Monday, April 29, 2013
TRULY by Summer Day (inspired by Persuasion) chapter Twenty-two "Freedom"
It was so clear to me now. He’d returned to let me know how little he’d missed me. This truth betrayed another fact – he must have thought of me, at least once… Confessions of a Post-teenage Hermit
That evening, my Godmother and I were seated on the swaying chairs on her front porch. We were drinking freshly squeezed juices after returning from the medical centre where I’d had my knee plastered to the tune of, “no permanent damage, unless you count a hard to see scar,” I was told brightly. I did.
“Perhaps you’ve got it all wrong. It is possible to misinterpret things, Jane. Clearly, I did, once.” My Godmother reminded me, “Jealousy is an affliction most people suffer from, men just as much as women, believe it or not. Don’t try to read too much into Ben Wentworth’s behavior. I think he’s still hurt from the past, which means you must have meant more to him than he’s prepared to reveal. But I’ve said it before, I’ll say it again, you need to move on,” my Godmother told me as she patted my hand and we sat together drinking freshly squeezed orange juice.
I wished I’d been strong enough in my teens to go against my father’s and Eleanor Russell’s wishes. I wished I’d simply followed my heart but hadn’t Ben’s recent behavior betrayed a point of conflict between us? I’d tried so hard to forget him, yet his memory wouldn’t fade and his re-entry into my life had shaken me.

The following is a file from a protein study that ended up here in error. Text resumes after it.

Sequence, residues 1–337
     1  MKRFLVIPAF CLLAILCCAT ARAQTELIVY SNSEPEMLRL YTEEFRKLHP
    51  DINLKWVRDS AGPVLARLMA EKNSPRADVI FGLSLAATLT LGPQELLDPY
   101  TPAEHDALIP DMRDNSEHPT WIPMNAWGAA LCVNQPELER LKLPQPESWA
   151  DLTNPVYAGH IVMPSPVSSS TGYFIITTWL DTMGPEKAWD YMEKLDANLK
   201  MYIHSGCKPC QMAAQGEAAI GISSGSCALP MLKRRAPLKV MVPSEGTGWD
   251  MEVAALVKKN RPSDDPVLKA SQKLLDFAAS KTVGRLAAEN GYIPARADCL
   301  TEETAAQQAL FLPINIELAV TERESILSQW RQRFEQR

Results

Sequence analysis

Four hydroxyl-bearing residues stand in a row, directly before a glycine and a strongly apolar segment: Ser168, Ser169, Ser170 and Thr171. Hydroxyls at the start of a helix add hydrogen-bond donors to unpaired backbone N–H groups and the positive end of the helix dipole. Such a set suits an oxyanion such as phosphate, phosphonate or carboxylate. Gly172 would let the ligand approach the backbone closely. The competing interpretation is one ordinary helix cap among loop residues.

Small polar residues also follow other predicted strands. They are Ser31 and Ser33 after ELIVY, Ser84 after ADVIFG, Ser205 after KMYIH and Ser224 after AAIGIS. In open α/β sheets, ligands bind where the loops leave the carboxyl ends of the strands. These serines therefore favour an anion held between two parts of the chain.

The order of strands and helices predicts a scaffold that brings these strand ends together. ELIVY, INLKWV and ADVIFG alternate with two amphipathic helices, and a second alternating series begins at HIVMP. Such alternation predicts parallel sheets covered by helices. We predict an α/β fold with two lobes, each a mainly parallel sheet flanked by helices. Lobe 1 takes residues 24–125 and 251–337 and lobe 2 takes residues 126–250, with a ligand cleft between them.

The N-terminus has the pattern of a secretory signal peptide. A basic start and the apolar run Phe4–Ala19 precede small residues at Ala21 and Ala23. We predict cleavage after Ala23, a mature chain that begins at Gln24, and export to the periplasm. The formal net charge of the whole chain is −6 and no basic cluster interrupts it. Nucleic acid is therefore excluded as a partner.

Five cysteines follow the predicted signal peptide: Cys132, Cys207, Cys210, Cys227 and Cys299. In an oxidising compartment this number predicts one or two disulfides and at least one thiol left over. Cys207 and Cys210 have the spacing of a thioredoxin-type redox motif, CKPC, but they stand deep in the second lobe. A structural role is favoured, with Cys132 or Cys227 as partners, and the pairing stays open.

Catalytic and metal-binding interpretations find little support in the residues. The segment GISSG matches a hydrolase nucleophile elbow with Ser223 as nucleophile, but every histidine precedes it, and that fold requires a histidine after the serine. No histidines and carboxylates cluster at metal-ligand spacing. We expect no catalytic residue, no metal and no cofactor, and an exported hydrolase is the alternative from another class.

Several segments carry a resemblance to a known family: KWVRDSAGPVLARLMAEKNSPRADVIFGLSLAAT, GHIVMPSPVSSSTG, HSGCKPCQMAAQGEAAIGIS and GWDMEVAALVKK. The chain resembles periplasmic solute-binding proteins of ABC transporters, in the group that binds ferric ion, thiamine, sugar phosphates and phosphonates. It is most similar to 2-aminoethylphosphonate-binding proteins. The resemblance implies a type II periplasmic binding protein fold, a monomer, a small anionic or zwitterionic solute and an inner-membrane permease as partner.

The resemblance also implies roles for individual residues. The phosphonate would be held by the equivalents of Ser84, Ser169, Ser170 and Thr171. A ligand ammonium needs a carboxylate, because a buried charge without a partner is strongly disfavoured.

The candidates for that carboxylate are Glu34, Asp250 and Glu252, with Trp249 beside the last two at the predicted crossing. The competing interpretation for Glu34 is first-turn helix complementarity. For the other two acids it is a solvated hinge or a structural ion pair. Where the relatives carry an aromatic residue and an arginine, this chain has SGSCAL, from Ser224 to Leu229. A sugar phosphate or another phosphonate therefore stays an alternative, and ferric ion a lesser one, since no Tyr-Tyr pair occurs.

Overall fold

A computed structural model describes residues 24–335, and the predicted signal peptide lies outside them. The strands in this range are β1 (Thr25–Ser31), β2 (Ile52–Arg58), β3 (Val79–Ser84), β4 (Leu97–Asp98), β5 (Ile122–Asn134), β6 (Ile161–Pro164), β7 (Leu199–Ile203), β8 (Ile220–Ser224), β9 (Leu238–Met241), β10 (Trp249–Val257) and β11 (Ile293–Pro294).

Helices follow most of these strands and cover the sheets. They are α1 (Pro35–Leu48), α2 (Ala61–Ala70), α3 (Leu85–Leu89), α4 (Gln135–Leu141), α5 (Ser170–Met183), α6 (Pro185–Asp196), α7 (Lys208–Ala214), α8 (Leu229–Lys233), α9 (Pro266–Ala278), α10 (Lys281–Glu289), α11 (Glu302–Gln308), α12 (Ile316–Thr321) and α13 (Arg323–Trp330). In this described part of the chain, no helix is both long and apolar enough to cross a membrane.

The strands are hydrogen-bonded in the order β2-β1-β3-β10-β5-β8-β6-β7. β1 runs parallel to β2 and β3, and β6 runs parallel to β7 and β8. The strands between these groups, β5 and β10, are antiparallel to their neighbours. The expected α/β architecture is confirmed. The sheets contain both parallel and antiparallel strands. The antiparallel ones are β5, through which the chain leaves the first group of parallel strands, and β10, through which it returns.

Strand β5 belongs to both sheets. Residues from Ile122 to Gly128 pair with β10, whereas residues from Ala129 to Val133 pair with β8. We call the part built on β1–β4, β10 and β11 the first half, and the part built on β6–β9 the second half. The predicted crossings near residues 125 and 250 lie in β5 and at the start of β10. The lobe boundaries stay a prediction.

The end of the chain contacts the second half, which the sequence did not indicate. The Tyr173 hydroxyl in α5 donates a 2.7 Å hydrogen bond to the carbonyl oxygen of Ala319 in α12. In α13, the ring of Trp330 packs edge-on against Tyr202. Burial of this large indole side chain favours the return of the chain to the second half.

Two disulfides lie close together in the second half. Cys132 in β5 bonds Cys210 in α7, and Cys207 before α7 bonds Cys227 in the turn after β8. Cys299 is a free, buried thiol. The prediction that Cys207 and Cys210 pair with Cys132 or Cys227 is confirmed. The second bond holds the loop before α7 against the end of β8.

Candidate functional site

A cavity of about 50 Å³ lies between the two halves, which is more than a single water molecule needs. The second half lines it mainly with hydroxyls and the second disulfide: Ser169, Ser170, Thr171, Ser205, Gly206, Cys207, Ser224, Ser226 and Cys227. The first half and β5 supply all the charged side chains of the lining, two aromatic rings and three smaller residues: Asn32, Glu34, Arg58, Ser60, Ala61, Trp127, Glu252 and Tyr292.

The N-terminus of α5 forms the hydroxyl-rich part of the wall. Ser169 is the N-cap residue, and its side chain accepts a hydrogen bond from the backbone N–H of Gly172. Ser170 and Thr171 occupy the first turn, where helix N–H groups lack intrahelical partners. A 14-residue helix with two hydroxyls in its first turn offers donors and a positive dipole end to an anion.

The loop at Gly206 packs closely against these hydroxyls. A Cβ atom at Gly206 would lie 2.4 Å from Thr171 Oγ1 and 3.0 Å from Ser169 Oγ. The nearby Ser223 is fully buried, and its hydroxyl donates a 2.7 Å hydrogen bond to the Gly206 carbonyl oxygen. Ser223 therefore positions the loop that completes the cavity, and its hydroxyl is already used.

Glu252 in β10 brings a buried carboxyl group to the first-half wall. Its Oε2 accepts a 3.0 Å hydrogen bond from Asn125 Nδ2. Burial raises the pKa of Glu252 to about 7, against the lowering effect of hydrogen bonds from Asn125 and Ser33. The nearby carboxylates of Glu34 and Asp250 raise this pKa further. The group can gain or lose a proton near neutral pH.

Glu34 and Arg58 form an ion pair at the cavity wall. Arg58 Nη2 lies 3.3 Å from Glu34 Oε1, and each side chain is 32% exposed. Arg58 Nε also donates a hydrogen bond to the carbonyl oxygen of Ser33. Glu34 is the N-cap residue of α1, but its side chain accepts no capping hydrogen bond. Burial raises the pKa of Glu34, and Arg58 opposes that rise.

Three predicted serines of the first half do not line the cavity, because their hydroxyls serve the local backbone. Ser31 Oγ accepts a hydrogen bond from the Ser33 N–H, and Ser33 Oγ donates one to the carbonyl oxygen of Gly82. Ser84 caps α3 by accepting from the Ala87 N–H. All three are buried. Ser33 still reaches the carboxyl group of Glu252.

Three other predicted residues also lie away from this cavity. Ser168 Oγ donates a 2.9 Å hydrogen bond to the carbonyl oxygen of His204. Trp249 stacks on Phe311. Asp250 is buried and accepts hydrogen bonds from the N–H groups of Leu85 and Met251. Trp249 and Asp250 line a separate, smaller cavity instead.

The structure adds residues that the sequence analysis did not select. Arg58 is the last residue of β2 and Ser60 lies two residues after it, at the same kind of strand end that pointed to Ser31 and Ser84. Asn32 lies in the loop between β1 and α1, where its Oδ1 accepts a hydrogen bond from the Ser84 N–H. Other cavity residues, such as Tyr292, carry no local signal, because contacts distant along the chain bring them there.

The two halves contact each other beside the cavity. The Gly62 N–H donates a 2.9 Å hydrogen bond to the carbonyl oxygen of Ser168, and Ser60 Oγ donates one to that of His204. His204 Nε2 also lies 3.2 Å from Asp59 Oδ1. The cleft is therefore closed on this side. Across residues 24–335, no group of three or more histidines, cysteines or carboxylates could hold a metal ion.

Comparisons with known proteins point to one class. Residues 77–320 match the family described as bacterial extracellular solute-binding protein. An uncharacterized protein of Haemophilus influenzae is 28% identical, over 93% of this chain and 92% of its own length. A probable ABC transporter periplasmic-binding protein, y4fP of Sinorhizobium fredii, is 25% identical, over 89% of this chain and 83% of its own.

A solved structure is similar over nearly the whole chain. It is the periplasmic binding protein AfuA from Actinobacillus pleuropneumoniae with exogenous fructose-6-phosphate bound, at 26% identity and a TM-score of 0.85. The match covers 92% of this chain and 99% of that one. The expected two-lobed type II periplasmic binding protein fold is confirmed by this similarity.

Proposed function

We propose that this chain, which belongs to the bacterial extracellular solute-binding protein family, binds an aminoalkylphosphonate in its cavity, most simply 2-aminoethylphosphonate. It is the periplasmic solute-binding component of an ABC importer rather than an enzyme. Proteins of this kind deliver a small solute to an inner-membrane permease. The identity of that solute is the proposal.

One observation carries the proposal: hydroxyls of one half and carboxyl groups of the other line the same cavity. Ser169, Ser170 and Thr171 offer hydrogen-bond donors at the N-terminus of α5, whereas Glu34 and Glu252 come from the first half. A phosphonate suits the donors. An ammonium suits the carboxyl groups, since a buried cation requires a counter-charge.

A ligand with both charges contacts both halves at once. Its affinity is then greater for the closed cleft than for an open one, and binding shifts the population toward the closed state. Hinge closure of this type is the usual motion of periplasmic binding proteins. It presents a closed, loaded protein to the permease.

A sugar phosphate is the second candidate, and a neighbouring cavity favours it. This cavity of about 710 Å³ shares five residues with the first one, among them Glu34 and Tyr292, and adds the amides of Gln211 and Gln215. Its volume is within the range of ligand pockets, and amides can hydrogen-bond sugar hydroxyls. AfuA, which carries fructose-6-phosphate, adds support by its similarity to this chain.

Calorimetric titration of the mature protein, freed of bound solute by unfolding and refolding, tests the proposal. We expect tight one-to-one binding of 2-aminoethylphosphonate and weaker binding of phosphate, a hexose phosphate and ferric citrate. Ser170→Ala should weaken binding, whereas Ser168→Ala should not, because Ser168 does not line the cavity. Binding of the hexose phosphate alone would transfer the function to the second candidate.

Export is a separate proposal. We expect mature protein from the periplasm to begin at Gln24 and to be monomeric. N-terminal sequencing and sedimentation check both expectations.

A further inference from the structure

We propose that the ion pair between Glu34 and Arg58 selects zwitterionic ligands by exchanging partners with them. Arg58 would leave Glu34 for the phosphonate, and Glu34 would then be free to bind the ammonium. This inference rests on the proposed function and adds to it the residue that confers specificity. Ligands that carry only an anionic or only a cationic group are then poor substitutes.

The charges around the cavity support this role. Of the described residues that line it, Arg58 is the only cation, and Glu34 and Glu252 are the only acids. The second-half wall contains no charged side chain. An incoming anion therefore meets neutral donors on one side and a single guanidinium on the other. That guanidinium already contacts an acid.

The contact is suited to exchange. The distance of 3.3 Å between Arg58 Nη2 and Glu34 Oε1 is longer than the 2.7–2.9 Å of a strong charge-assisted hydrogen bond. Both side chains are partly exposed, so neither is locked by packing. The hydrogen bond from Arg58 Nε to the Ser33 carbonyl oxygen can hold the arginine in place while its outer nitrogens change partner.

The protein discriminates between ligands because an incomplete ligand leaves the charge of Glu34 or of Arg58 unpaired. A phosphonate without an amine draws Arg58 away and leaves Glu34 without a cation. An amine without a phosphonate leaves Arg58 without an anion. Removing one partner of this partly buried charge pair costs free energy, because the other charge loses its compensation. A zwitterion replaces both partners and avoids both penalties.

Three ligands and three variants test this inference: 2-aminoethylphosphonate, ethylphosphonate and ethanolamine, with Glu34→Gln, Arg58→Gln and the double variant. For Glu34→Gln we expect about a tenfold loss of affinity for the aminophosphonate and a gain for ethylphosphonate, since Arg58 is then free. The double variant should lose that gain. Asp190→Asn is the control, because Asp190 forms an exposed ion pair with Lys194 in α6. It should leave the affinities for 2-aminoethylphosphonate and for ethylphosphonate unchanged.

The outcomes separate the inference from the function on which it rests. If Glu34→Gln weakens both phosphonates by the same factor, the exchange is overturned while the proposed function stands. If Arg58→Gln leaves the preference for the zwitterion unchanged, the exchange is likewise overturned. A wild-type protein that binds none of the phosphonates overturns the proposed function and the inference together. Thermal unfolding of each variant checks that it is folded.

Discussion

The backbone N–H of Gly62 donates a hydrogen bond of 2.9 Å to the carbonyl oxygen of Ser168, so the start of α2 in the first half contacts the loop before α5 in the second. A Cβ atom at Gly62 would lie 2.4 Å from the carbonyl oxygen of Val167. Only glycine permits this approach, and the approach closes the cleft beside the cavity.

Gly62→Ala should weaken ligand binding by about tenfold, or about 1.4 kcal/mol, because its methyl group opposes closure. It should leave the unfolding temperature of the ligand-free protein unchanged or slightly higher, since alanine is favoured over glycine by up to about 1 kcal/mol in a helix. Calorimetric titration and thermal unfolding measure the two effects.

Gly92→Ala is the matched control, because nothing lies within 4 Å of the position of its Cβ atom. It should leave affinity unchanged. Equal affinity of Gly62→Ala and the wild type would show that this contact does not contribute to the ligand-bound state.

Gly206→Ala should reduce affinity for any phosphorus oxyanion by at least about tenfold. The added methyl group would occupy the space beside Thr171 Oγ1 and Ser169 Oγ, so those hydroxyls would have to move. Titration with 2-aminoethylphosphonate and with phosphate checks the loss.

My Godmother and I had dinner together that night after my sisters arrived home raving about what great sailors the Wentworth brothers were. Then Hailee and Keira checked their dating sites and tried to get me involved in one as well. I had tried this game before and it wasn’t for me, I was adamant. Even so, I fielded Keira’s messages because she’d asked me to and I have to admit, it was quite an education. When I got bored with categorizing the messages into must reads, don’t bothers, and read with caution, I prepared for Vacation Day at Wentworth Elementary.
The school held these informal catch up sessions over summer – one off day camps where kids who weren’t going away could spend a day hanging out doing plays and drama and sporting activities.
This was held twice a month and I usually volunteered to help out if I was in Wentworth. No problem this year. Tomorrow night, I’d also promised Keira I’d go to hear her sing in a club near the shore.